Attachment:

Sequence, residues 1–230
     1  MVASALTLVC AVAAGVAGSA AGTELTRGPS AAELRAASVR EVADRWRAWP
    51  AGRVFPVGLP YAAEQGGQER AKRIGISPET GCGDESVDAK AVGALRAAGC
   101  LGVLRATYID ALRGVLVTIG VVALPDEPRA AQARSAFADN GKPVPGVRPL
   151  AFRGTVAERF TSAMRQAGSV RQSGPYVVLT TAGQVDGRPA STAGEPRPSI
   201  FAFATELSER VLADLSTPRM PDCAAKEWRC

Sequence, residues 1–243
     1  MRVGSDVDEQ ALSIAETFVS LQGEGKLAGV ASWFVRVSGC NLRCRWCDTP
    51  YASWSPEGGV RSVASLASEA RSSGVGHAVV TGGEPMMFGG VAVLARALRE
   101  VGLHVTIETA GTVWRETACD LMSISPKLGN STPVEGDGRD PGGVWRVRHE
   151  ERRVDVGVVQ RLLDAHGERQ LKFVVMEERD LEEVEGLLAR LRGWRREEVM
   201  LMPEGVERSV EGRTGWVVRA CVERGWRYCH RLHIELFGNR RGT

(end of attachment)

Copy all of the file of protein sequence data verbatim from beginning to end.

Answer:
Sequence, residues 1–230
     1  MVASALTLVC AVAAGVAGSA AGTELTRGPS AAELRAASVR EVADRWRAWP
    51  AGRVFPVGLP YAAEQGGQER AKRIGISPET GCGDESVDAK AVGALRAAGC
   101  LGVLRATYID ALRGVLVTIG VVALPDEPRA AQARSAFADN GKPVPGVRPL
   151  AFRGTVAERF TSAMRQAGSV RQSGPYVVLT TAGQVDGRPA STAGEPRPSI
   201  FAFATELSER VLADLSTPRM PDCAAKEWRC

Sequence, residues 1–243
     1  MRVGSDVDEQ ALSIAETFVS LQGEGKLAGV ASWFVRVSGC NLRCRWCDTP
    51  YASWSPEGGV RSVASLASEA RSSGVGHAVV TGGEPMMFGG VAVLARALRE
   101  VGLHVTIETA GTVWRETACD LMSISPKLGN STPVEGDGRD PGGVWRVRHE
   151  ERRVDVGVVQ RLLDAHGERQ LKFVVMEERD LEEVEGLLAR LRGWRREEVM
   201  LMPEGVERSV EGRTGWVVRA CVERGWRYCH RLHIELFGNR RGT